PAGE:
Photography News 92 Newsletter

Big test

Nikon Z fc

PRICE: £899 


Nikon has taken a long look in the rear-view mirror to design its latest model – and the resulting mix of old and new gives the Z fc a special charm

SPECS ›  Prices Body £899, Z fc 28mm SE kit £1129, Z fc + 16-50mm VR silver edition kit £1039, Z fc + 16-50mm VR and 50-250mm VR kit £1249, Z fc vlogging kit £1039 › S ensor CMOS, 20.9 megapixels ›  Sensor format APS-C, DX format. 23.5x15.7mm, 5568x3712 pixels ›  Lens mount Nikon Z › ISO range 100-51,200, expandable to 102,400 and 204,800 ›  Shutter range 30secs to 1/4000sec, expandable to 900secs in manual mode, B, T, flash sync 1/200sec ›  Drive modes Up to 11fps ›  Exposure system Auto, PASM ›  Exposure compensation +/-3EV in 0.3EV steps. +/-5 when exposure compensation dial set to C › Monitor Vari-angle touch monitor 3in TFT, approx 1040K dots › Viewfinder 1cm, 2360K-dot OLED › Focusing Hybrid phase/contrast detect with AF assist. Detection range -4.5 to +19EV, without low light AF -3 to +19EV. AF-S, AF-C, AF-A, full-time AF in video mode, predictive focusing, manual ›  Focus points 209. Pinpoint AF, single-point AF, dynamic-area AF, wide-area AF (S), wide-area AF (L), wide-area AF (L-people), wide-area AF (L-animals), auto-area AF, auto-area AF (people), auto-area AF (animals) › Image stabiliser None in-body › V ideo 3840x2160 (4K UHD) 24p/25p/30p › C onnectivity USB-C, Type-D HDMI, Wi-Fi, Bluetooth, stereo 3.5mm audio › Other key features 20 in-camera Creative Picture Controls, in-body USB-C charging, USB-C power › B attery One EN-EL25 Li-ion › S torage media One SD slot › D imensions (wxhxd) 134.5x93.5x43.5mm › Body weight 445g with battery and SD card › Contact

HEY, GOOD LOOKING The Z fc’s appearance is a throwback to a bygone age – but inside, it’s totally up-to-date

adjustments. There is no lock on this compensation dial, and while it is firmly click-stopped and inset a little way from the body’s edge, I still managed to rotate it inadvertently a couple of times when I pulled the camera out of a bag. If I owned a Z fc, I’d be tempted to use C and apply some gaffer tape to stop it moving. There is another little innovation on the top-plate – and I mean little. With the two large ISO and shutter speed dials, Nikon aims to keep you informed with a glance down at the top-plate. But what about that other member of the exposure trinity, the aperture? Well, there is no aperture ring on Nikon Z lenses, so on the Z fc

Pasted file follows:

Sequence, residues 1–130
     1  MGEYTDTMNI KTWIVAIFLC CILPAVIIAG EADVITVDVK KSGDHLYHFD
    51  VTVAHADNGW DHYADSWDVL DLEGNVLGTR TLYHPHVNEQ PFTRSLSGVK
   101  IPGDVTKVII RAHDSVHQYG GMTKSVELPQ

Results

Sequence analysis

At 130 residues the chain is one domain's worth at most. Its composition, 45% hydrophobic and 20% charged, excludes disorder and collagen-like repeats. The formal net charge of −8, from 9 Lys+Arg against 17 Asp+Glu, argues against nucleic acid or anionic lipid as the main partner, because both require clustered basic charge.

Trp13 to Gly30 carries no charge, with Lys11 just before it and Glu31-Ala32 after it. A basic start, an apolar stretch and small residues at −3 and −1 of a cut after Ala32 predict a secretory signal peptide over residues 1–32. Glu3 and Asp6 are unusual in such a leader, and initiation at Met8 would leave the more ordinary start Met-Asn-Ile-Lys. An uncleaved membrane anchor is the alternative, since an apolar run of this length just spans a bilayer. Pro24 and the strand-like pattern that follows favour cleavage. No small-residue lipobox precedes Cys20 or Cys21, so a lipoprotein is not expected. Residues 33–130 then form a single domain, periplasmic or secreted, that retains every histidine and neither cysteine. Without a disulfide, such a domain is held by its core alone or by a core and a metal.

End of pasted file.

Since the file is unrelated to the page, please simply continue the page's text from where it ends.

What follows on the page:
auto ISO and this overrides the setting on the ISO dial. The shutter speed knob is traditional; speeds are click-stopped in 1EV steps from 1/4000sec down to 4secs, with positions for T, B and X for flash sync at 1/200sec. The unusual setting on this control is 1/3 step, and using this means you can set fractional speeds in manual or shutter-priority AE modes with an input dial. The third control on this retro- themed top-plate is the exposure compensation dial. It has a +/-3EV in 0.3EV steps range, and if you prefer, setting C increases this to +/-5EV; the rear input wheel is used to make

could appeal to users who prefer actual dials to menus. The body itself feels robust for a camera at this price level, although it is not weather-proofed. I did get caught out in the rain once with the Z fc, but it carried on performing just fine. The only issue with the body is its shape, which is not especially ergonomic, with no handgrip or protruding thumb ridge. On the left, there’s a large ISO dial with a full speed range in 0.3EV steps. It can only be adjusted when the central spring-loaded locking button is depressed – and there’s a PASM mode control around its base. Interestingly, ISO setting can’t be assigned to any function button, nor can it be brought into the ‘i’ menu. Indeed, the actual ISO can’t be set in the menu, either, but you do have the option of using auto ISO, where a limit can be set at the top end, as can the minimum shutter speed. Engage


THE Z FC is Nikon’s seventh model in the range, the second DX-format (APS-C) camera, and the first that’s pushed the Z design envelope. For inspiration, they have wound back the clock and looked at the FM2, an iconic film camera that came out in 1982 and was much-loved for being fully mechanical. So the 20.9-megapixel Z fc looks very different from existing Z models, specifically the camera’s top-plate with the influence of its ancestor. That’s purely cosmetic, but its design


42 Photography News | Issue 92

Powered by